30 Comments (Open | Close)

30 Comments To "Graham’s Deranged Idea for Attacking North Korea"

#1 Comment By Query On April 20, 2017 @ 4:01 pm

“The next time you hear Graham feign concern for lives lost in some foreign conflict or pretend to be on the side of our allies, remember this answer and realize that his only desire is to get the U.S. into more unnecessary wars regardless of the consequences.”

(@ Daniel Larison): Why? I ask the question seriously, and I’m interested in your answer.
Why is Graham like this? What’s driving it?

I have suspicions and hypotheses of my own, but you spend a hell of a lot more time meditating these things and poring over Graham’s pronouncements and votes than I do, and I value your opinion.

#2 Comment By Chris Chuba On April 20, 2017 @ 4:01 pm

Every article on Lindsey Graham should have the word ‘deranged’ in either the title or first sentence.

Kim wants to remain in power with no threat of attack. We don’t want him to have Nukes or ICBMs.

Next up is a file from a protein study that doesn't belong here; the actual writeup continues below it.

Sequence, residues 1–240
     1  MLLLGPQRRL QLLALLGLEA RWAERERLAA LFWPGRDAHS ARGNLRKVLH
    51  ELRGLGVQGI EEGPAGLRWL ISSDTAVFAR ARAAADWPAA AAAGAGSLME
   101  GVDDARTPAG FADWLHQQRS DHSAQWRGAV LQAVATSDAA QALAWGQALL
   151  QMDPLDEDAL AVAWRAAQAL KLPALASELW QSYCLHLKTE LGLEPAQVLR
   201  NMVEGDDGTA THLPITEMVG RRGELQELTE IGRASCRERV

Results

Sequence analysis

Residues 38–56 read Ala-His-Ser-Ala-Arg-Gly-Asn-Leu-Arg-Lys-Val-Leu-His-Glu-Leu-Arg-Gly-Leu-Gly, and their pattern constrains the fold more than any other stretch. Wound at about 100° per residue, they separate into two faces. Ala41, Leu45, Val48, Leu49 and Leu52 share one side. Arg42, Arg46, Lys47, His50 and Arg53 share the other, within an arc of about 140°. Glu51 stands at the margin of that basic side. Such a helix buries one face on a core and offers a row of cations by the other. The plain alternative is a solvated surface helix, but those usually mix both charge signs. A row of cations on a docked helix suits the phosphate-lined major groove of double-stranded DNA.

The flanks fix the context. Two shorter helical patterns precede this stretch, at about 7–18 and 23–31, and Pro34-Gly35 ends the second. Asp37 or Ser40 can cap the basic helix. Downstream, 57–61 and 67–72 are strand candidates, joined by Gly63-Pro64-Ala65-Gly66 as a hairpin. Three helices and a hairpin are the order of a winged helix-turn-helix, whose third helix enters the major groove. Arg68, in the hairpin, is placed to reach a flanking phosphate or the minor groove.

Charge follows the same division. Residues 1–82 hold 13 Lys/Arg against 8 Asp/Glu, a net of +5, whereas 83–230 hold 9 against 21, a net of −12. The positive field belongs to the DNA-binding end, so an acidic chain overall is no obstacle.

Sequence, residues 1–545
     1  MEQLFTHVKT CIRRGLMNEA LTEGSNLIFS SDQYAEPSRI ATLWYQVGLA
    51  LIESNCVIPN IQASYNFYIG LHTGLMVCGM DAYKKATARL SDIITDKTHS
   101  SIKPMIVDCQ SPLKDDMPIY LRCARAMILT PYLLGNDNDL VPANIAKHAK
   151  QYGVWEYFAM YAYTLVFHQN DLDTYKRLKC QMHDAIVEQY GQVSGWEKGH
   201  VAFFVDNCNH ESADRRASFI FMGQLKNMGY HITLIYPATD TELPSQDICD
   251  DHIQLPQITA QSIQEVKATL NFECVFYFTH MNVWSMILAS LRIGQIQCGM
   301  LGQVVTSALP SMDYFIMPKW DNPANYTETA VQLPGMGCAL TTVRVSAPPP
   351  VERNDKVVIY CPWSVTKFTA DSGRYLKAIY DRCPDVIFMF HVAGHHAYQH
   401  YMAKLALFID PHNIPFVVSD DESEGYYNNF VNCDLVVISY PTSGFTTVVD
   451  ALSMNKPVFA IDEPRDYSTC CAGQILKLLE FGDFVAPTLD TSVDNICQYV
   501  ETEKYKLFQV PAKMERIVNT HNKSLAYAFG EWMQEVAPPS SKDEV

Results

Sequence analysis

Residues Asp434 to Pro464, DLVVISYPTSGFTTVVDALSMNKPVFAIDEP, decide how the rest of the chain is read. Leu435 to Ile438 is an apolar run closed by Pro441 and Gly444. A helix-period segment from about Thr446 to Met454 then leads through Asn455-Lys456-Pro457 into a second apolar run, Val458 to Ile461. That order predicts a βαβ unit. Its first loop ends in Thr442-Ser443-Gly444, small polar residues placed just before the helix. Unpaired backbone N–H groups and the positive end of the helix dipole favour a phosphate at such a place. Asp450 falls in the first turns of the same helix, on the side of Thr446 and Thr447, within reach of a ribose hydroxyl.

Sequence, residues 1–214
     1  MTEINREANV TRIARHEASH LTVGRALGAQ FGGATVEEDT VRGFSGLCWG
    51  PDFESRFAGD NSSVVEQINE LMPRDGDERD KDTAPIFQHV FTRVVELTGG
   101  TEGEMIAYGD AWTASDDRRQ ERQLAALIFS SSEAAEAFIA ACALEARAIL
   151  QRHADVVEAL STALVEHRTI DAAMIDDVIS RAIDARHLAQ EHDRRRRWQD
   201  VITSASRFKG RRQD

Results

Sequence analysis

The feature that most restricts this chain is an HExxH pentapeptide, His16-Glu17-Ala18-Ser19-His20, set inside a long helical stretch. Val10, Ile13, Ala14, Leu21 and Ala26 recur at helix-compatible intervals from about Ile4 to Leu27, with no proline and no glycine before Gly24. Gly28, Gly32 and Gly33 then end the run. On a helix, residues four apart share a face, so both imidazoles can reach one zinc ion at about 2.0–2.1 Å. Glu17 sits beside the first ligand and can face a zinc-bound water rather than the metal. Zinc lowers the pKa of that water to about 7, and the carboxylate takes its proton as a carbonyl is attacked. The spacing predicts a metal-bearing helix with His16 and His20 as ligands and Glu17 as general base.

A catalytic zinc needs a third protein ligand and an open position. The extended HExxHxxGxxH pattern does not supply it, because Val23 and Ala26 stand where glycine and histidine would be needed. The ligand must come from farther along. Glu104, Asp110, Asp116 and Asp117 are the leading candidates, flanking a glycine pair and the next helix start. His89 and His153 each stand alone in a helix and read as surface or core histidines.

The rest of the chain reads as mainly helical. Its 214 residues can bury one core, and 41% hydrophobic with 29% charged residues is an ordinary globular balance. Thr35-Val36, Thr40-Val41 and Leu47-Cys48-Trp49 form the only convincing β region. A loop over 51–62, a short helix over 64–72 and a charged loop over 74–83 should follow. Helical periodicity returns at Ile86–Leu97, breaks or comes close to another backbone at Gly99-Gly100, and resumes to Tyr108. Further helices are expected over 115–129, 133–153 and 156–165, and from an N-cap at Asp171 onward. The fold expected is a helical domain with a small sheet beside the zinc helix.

We offer to leave S. Korea and recognize his right to develop and test ballistic missiles with some limited range to be worked out by our military.

Lift sanctions, restart oil shipments, and build the light water reactors promised under the Clinton Admin. In return he decommissions his heavy water reactors and destroys his nuclear weapons and Plutonium supply.

Am I making it sound simple? Good, why not. I am not being any more simple minded than the people who think that he is going to voluntarily give up all of his weapons because we fired 59 Tomahawk missiles at Syria.

#3 Comment By Uncle Billy On April 20, 2017 @ 4:02 pm

So a new “Korean War” is fine and dandy, so long as few Americans are killed? Hundreds of thousands or even millions of Koreans killed (north and south) is acceptable to Graham. I detect a whiff of racism here, in addition to the craziness.

#4 Comment By collin On April 20, 2017 @ 4:31 pm

WTF???? I sure the South Koreans are really excited by this administration and our Congressman playing General Buck Turgidson from Dr. Strangelove. Sure we will get our hair mussed up and a few million Koreans & possibly Japanese will be killed. (Any guesses on Portland?)

This stuff is crazy…And T Rex is talking about Iran like it was North Korea after Iran continues to comply with the nuclear deal. But they are EVIL!!